Image: Comcast

It’s probably a good idea to check whether a home is properly wired for internet before purchasing it. Zachary Cohn and Lauryl Zenobi, a Seattle couple, learned the hard way, having recently bought a house in the Northgate neighborhood of the city and receiving a $27,000 quote from Comcast after realizing that the home required 181 feet of underground cable line extended to it before they could get access to the company’s high-speed broadband. The quote followed months of inquiries to the cable TV and ISP provider, which allegedly failed to respond until the couple sought help from the City Councillor’s office. Cohn and Zenobi ultimately opted not to pay the fee and went with a 4G hotspot instead.

“I was just flabbergasted that a house like this, in an area like this, could possibly have never been wired for Internet,” Cohn told Ars Technica in a phone interview, noting that the house is “in the middle of Seattle” so “it didn’t even dawn on [him] that that was possible.” Lack of Internet service would be “more understandable” if he was two miles from his nearest neighbor, he added.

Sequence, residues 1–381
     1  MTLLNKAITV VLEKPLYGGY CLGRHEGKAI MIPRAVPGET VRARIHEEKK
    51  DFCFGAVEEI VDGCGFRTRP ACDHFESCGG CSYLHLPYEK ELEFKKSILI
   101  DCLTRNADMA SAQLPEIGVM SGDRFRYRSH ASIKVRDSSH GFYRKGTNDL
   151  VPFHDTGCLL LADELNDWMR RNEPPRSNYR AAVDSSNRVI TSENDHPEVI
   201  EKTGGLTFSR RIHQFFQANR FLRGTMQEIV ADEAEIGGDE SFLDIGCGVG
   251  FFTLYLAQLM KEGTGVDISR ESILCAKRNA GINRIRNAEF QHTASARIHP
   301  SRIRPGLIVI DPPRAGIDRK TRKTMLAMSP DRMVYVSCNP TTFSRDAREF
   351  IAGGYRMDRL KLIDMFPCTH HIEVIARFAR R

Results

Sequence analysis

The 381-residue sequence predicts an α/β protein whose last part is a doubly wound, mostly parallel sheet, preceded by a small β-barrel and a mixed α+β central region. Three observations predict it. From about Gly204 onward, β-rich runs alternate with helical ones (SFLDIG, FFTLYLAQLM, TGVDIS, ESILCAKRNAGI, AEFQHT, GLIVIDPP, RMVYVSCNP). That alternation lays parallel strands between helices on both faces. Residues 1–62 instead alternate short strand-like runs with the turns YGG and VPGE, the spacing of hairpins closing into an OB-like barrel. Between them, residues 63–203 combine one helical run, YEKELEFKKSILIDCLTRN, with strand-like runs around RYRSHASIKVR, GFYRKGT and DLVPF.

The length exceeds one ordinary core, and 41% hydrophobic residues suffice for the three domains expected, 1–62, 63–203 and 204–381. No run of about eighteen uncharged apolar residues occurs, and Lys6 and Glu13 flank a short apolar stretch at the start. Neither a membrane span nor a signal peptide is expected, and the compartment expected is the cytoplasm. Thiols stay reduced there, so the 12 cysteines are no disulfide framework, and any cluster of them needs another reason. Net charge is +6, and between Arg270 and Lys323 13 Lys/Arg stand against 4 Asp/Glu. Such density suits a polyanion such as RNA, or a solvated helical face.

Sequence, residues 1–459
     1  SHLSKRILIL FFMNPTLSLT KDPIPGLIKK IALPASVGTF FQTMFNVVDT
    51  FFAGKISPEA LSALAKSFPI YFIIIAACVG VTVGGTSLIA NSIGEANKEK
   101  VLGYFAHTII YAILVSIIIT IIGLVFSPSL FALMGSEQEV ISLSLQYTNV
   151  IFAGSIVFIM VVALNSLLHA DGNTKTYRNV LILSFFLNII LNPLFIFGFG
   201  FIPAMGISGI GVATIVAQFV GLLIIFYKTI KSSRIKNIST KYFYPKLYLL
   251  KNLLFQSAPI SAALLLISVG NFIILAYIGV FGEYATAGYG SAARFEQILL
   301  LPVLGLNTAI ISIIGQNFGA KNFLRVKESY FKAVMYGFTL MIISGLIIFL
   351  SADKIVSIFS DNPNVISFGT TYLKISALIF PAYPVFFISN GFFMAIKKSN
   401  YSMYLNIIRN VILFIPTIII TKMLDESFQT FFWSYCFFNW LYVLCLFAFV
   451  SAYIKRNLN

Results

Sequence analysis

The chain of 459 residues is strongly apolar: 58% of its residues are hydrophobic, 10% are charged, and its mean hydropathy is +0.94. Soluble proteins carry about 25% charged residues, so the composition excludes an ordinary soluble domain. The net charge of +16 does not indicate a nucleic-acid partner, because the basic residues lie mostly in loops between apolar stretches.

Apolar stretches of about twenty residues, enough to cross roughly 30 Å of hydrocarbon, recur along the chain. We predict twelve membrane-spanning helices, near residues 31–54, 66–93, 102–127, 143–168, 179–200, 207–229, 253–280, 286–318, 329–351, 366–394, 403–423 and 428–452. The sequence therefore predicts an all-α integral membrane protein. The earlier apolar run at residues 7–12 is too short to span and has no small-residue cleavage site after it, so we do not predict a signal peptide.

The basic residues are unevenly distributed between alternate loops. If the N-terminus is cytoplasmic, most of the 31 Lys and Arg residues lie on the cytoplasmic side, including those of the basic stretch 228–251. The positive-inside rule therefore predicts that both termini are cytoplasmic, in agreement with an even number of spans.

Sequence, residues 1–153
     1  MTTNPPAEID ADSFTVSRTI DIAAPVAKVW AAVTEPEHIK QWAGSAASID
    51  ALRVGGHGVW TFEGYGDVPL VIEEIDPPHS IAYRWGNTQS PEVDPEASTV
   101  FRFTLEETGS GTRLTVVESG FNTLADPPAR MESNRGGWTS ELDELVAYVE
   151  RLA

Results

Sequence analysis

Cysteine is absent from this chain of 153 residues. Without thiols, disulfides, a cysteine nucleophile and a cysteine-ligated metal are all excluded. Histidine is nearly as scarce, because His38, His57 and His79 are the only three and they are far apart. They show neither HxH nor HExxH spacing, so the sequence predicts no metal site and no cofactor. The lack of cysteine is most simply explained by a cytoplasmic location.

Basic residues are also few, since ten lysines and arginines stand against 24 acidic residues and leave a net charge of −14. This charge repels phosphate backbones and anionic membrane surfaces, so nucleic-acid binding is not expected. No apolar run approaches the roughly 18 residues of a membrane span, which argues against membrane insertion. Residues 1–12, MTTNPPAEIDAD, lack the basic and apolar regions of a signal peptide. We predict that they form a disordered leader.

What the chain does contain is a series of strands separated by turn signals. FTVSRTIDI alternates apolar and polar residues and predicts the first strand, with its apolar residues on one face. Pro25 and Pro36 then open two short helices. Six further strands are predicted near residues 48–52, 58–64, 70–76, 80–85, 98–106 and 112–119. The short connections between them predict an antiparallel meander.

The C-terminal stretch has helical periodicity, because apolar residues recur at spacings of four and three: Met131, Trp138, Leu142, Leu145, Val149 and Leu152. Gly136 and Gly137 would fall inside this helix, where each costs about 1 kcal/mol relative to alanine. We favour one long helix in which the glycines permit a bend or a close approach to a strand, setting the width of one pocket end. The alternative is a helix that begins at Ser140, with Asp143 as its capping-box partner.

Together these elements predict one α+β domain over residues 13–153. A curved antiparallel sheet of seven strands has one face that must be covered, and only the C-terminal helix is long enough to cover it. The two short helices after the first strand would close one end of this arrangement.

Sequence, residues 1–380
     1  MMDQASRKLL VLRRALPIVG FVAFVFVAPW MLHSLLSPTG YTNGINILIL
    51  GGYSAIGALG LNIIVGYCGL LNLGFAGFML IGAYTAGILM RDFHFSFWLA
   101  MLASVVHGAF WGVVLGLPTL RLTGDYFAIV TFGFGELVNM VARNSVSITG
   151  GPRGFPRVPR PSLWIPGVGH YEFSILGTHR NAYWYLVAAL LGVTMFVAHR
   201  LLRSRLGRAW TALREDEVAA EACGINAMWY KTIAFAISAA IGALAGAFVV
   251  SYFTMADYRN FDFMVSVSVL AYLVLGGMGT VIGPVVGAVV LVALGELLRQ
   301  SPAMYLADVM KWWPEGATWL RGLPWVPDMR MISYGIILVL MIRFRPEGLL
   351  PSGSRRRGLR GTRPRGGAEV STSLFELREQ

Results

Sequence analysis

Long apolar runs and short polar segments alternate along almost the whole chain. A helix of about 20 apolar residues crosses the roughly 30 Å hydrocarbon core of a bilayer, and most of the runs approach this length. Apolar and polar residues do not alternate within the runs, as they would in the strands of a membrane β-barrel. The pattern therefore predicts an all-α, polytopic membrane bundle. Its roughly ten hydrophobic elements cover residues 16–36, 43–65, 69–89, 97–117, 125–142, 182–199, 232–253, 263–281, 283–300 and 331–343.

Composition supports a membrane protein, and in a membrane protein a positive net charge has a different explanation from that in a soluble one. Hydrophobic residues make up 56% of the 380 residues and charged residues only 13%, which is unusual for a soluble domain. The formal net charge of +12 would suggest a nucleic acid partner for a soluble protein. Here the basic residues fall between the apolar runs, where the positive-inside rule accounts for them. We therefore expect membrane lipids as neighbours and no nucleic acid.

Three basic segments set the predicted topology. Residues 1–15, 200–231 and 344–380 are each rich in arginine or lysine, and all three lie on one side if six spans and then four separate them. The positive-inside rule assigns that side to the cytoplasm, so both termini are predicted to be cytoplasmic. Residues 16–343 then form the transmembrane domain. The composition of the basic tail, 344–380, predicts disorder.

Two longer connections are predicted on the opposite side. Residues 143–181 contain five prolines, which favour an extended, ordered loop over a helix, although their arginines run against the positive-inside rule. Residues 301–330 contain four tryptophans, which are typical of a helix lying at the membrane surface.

The Seattle Kraken hockey team’s $80 million practice facility is in the same Northgate neighborhood, about a half-mile from the house. There’s a major bus station in the area, a light rail station that recently opened nearby, and an elementary school within about a 90-second walk, Cohn said, noting that the property is “well within the Seattle city limits.”

The house, built in 1964, is also about 10 miles from both T-Mobile Park, where the Seattle Mariners play, and Lumen Field, the Seattle Seahawks stadium named after CenturyLink’s Lumen brand. T-Mobile doesn’t offer its new home Internet service at the house. CenturyLink offers Internet service at Cohn’s address—but only its ancient DSL with download speeds of up to 3Mbps and upload speeds up to 500kbps. Cable and fiber just aren’t available at the house.